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Tuesday, September 27, 2005

Anna Nicole Goes to the Supreme Court

I don't have much to say about it, but it seemed blogworthy.

Posted by Hillel Levin on September 27, 2005 at 03:07 PM in Hillel Levin | Permalink


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My understanding goes something like this. After losing in state court, A.N. Smith filed for bankruptcy, claiming as an asset a promisory note from her dead husband. The son went in and sued saying that it was not an asset and she filed counter-claims for tortious interference with contract and a few other things surrounding her argument that the son changed the will at the last minute. The bankruptcy court ruled in her favor, as did a district court (how the case ended up there, I don't quite get) but the 9th circuit held, contra the 11th, that the probate exception applies to all federal jurisdiction and not just to diversity jurisdiction.

So, can anyone give a quick, imperfect primer on how the probate exception developed and why.....

Posted by: NobodyImportant | Sep 30, 2005 10:43:14 AM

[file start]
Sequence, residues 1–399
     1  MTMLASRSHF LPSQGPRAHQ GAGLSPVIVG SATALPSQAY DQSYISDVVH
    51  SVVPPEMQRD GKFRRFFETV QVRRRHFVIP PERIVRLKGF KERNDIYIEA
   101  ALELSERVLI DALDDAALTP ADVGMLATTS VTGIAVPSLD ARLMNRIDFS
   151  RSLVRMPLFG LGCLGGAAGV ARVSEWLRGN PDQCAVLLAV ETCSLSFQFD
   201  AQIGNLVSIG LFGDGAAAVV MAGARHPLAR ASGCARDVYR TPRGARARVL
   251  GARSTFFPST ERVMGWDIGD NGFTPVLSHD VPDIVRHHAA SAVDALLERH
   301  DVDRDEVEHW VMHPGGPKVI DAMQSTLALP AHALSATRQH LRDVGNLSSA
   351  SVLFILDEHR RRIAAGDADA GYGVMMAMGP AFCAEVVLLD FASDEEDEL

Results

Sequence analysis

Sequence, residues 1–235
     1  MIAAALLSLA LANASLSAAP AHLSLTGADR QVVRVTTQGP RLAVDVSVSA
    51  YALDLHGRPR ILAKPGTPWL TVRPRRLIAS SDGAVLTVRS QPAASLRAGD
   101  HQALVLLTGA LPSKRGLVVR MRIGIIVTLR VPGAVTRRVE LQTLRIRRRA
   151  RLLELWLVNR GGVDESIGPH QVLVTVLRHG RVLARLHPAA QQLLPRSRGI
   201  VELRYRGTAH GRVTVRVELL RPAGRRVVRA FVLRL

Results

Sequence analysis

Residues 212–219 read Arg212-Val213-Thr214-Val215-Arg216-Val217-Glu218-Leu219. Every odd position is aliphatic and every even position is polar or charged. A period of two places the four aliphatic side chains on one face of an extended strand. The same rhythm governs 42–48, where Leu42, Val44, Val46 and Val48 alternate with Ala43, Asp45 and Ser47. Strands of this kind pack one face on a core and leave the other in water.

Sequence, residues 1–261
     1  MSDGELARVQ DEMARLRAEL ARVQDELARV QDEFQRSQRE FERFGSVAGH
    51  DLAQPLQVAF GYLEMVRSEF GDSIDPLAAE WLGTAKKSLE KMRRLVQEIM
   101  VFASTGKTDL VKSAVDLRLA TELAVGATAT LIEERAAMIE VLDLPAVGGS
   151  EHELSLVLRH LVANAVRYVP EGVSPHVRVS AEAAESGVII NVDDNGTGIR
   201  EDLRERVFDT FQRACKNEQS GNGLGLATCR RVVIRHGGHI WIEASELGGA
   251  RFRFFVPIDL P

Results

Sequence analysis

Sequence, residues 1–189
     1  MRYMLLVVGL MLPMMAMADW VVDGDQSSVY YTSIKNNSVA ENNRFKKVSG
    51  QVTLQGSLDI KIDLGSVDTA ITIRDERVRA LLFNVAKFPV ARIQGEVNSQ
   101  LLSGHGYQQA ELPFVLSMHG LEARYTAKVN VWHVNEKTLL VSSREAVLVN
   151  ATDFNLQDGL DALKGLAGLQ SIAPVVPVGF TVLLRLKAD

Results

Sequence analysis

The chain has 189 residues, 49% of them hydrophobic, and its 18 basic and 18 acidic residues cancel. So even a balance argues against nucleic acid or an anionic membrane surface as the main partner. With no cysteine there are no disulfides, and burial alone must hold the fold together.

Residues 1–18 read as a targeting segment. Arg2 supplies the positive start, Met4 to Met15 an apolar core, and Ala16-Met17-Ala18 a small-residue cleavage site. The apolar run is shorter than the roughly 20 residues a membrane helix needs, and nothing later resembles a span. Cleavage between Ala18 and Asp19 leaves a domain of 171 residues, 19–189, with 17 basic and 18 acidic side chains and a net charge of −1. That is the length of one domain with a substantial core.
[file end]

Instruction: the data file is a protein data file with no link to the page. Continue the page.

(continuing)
Yea, actually, I'm curious about the probate thing... not curious enough to actually do anything to find out about it except ask here, but curious. Does anyone know how this thing actually ended up in the federal courts? I've seen one article which suggests that a bankruptcy judge awarded her like 400 million bucks, but how was the estate in bankruptcy if it had 400 million bucks to play around with?!

Posted by: Paul Gowder | Sep 29, 2005 7:58:57 PM

You two nerds might appreciate this article by a buddy prawf at U. Wash. See Peter Nicolas, Fighting the Probate Mafia: A Dissection of the Probate Exception to Federal Court Jurisdiction, 74 S. Cal. L. Rev. 1479 (2001).

Posted by: Dan Markel | Sep 29, 2005 6:24:42 PM

Am I the only person besides Nate Oman who thinks that the probate exception to federal jurisdiction is more exciting than Anna N. Smith?

Posted by: [email protected] | Sep 29, 2005 6:21:16 PM

And the probate exeception to federal jurisdiction! I just doesn't get more exciting than that!

Posted by: Nate Oman | Sep 29, 2005 2:52:47 PM

Her late husband was a graduate of our alma mater and a minor figure in the legal realism movement when he was a dean there. Its Supreme Court practice, legal history and celebrity gossip - all rolled into one.

Posted by: Randy Heinig | Sep 27, 2005 7:49:11 PM

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